Another shot in the gender pay war

Georgia women do slightly better than average when it comes to equal pay, according to a study released today by a national advocacy group.

But that means companies get women at a discount, according to the National Partnership for Women & Families: A woman in a full-time job averages $36,468 per year compared to a man’s average of $44,623 per year, meaning that women in the state receive 82 cents for every dollar paid to men, a wage gap of $8,155 every year,

Nationally, women average 79 cents an hour for every dollar paid to men, the group found.

Comparisons of average pay for men and women are often controversial and the study today is not likely to be the last word.

Critics of similar studies often argue that some of the gap is explained by the choice of different professions, some explained by the choice of how many hours to work and also that careers and earnings take a hit when a parent – often a woman – chooses to spend years outside the workforce to have and care for children.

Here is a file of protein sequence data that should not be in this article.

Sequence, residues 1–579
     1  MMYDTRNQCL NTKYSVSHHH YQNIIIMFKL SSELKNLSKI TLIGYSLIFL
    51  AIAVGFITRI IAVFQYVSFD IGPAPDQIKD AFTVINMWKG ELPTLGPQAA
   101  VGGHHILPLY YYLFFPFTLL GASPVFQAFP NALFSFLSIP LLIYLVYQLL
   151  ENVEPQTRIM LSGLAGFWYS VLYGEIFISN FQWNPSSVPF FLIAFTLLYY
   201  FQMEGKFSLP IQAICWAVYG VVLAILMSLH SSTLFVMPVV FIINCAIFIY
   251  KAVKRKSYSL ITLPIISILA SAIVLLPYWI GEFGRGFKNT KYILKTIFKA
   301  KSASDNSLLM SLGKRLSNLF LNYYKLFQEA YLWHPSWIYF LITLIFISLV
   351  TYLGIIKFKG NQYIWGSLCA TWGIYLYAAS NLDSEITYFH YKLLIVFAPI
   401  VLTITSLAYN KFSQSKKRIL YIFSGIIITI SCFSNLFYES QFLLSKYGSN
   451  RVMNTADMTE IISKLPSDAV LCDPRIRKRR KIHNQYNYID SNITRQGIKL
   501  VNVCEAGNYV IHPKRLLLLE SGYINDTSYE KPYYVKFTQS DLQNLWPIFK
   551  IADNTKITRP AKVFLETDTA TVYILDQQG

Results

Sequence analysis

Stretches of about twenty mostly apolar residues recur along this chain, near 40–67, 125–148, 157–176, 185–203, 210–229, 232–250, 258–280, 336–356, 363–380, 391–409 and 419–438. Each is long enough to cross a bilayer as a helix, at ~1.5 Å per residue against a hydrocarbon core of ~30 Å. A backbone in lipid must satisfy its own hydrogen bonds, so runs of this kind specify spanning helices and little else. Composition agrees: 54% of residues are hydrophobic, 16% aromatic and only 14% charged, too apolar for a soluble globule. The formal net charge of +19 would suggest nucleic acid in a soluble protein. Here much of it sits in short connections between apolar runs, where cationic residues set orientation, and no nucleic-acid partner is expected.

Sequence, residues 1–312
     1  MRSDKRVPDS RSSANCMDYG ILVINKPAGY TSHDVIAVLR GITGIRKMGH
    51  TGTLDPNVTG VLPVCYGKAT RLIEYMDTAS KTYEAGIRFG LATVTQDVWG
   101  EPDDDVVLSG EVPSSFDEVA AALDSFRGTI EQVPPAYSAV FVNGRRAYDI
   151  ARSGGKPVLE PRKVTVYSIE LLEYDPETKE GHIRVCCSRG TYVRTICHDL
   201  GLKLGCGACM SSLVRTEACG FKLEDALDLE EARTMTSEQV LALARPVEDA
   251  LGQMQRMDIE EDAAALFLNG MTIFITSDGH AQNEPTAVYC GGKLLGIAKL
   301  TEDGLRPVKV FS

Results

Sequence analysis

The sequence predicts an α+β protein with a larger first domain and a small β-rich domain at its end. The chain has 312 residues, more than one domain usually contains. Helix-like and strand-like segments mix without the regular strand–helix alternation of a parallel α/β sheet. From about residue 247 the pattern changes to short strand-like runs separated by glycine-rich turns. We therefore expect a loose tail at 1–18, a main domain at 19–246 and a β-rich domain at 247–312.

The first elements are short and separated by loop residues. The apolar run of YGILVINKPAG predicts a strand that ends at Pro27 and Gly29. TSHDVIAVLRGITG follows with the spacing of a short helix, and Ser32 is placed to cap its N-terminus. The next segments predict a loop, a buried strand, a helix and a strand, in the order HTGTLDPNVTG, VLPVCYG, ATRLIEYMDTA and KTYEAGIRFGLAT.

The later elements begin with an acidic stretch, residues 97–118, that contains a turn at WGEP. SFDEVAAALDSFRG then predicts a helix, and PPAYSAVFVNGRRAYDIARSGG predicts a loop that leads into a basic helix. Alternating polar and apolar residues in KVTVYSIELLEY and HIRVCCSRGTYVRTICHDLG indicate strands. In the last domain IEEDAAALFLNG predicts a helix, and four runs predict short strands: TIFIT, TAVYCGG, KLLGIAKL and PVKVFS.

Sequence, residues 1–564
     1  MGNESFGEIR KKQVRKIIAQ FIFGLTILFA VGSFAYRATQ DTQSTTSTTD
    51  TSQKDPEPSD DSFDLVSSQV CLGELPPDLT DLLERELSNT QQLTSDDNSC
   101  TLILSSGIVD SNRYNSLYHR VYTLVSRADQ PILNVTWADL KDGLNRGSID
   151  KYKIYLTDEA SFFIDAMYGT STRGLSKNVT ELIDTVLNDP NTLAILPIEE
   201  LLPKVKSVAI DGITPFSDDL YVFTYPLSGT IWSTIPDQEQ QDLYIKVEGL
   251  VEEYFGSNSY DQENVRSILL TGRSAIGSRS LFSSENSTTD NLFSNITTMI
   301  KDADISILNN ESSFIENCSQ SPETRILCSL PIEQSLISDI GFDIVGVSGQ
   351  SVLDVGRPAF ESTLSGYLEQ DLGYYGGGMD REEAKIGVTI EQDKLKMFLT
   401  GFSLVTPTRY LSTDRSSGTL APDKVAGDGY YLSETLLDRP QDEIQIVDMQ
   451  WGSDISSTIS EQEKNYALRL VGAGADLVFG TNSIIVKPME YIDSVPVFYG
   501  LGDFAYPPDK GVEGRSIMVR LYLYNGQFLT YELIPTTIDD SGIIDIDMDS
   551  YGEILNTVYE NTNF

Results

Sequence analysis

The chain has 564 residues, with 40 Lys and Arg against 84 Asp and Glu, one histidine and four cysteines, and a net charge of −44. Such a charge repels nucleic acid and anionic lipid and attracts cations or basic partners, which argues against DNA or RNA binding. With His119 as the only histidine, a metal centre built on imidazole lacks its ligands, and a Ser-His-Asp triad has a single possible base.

The Washington, D.C.-based organization describes itself as a nonprofit and nonpartisan and as working for workplace fairness and “policies that help women and men meet the dual demands of work and family.”

While the study today did not go into detail, the group tried to pre-empt at least some of the critique, arguing that the wage gap exists in most industries and within occupations.

“In the health care and social assistance industry, women are paid just 71 cents for every dollar paid to men. In manufacturing, just 75 cents. In retail trade, 78 cents. And in educational services, women are paid 87 cents for every dollar paid to men.”

The study also concludes that women are paid similarly less on average even when they have advanced degrees.